French satirical magazine Charlie Hebdo has weighed in on the Muslim veil controversy, recently reignited by President Emmanuel Macron, by publishing a caricature of him ignoring the alleged Islamization of the French society.
The cartoon – relatively innocent by the standards of the weekly – features a row of sad-looking women, donning Muslim veils, with Macron in front stating: “That’s not my business.” The picture is dubbed “Islamic republic on the move,” in a clear nod to the president’s party – Republic on the Move.
#Macron : Ce n'est pas mon affaire !
Retrouvez dans ce numéro :
👉 Un reportage de @AntonioFischet8
et #Foolz à porte de la Chapelle
👉 Communautarisme, et si on essayait ? Par @jeanYvesCamus1
👉 Et aussi : les cimetières, la #FNSEA, l'Amazonie…
➡ https://t.co/5SPrx5Rgmh pic.twitter.com/21BqS4AP4z
— Charlie Hebdo (@Charlie_Hebdo_) October 29, 2019
Not uncommon for Charlie Hebdo pieces, the cartoon sparked a fierce debate. Many accused the magazine of “drifting to Fascism” and producing quality content for the “far right.” Others, however, lauded the magazine’s ability to exercise the “free speech” and to stick to the traditions of the political caricature.
Muslim veil row reignited
The cartoon refers to the debate on the Muslim veil, an issue raging in France for years. The controversy made fresh headlines on October 11, when a headscarf-clad Muslim woman showed up at the regional parliament in Bourgogne-Franche-Comté, accompanying her son’s class during a field trip. The woman was confronted by a politician from Marine Le Pen’s right-wing National Rally, Julien Odoul, who demanded she remove her veil.
🔴 [RT]Au nom de nos principes républicains et laïcs, j’ai demandé à @MarieGuiteDufay de faire enlever le voile islamique d’une accompagnatrice scolaire présente dans l’hémicycle. Après l’assassinat de nos 4 policiers, nous ne pouvons pas tolérer cette provocation communautariste pic.twitter.com/3WzqDEC3nn
— Julien Odoul (@JulienOdoul) October 11, 2019
The woman’s outfit, Odoul claimed, was a deliberate “provocation” that cannot be tolerated in wake of the recent stabbing of four French policemen. The woman, identified as Fatima E., has filed a complaint over Odoul’s attack since the incident, which she said left the class distressed and traumatized.
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While full-face Muslim garments – as well as other kinds of masks – are banned in public spaces in France, headscarves are fine to wear. Still, they are prohibited in public schools “in the spirit of secularism,” alongside with other explicitly religious accessories, such as Jewish kippahs and large Christian crosses. Yet, there’s no law in France that forbids women from wearing headscarves – or anything else they please – during the field trips of their children.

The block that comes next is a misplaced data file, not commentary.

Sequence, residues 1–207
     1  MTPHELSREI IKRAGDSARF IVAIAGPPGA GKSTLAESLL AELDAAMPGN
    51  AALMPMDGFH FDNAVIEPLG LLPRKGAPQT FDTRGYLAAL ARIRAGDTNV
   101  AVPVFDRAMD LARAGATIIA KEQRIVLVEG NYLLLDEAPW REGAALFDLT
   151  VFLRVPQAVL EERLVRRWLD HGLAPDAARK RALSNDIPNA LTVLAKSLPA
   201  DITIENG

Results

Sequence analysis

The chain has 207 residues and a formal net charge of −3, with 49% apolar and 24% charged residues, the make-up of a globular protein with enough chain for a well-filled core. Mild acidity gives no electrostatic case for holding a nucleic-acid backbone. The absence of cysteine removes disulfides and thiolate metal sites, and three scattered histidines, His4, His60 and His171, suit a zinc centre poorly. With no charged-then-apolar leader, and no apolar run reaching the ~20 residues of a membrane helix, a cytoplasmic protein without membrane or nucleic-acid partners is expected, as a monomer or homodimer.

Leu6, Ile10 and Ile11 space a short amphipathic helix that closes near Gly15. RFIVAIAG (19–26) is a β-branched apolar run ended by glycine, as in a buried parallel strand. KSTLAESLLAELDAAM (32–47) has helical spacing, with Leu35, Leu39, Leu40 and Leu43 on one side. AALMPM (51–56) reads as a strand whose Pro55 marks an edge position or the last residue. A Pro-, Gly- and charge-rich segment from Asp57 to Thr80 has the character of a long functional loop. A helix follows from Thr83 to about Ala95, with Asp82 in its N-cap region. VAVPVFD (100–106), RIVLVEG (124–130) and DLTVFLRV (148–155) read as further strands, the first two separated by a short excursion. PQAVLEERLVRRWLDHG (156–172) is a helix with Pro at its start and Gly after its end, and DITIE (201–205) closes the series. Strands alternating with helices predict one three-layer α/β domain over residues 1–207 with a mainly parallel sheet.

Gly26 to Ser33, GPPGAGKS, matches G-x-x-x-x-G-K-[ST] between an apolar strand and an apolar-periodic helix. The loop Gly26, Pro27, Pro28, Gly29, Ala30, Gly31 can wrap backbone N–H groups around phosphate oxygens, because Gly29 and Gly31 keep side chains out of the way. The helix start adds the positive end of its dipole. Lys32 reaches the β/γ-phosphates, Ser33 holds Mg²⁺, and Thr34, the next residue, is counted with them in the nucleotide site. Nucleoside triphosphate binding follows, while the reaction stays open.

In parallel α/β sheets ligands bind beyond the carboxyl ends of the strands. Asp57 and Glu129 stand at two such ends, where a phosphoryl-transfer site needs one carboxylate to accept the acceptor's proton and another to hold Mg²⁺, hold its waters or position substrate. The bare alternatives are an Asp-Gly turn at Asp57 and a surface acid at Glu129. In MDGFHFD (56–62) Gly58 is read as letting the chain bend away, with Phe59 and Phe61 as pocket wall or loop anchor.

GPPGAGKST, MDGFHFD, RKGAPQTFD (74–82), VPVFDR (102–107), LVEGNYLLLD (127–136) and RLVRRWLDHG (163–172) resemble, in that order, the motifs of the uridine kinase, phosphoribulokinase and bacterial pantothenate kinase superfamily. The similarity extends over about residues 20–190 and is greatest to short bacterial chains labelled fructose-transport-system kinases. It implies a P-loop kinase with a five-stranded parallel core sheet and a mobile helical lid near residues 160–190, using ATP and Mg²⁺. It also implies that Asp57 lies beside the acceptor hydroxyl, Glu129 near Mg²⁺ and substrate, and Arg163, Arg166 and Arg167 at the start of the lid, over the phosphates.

Ambiguous stance of the Elysee
As the France-wide scandal grew, with some calling for a full veil ban while other urged the Elysee to protect the country’s “secularism,” Macron weighed in on the issue, warning against “stigmatizing” Muslims or somehow linking Islam with terrorism. “There is a lot of irresponsibility among political commentators… Communalism is not terrorism.”
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But on October 24 he managed to reignite the veil row, stating issue was not “his business” altogether – or at least that’s what was ripped out of context and widely publicized by the French media, including Charlie Hebdo.
“Wearing of headscarf in public spaces is not my business, however, in public services, at school and while educating children, headscarf issue is my business. That is what secularism is about,” Macron said, adding that in certain neighborhoods in France, “some people use the headscarf as a symbol to break one’s connection with the republic.”
Macron’s statement seems to have left virtually everyone dissatisfied. Some said it was the first time in the history of the Republic that its leader said a public matter was not the state’s business, while others said the country needs a strong president, not Pontius Pilate. Macron’s stance on the veil issue was itself met with a mixed reaction, as some found his statement too weak and pandering to the Muslim community, while others, on the contrary, believed it to be ‘Islamophobic’ in essence.
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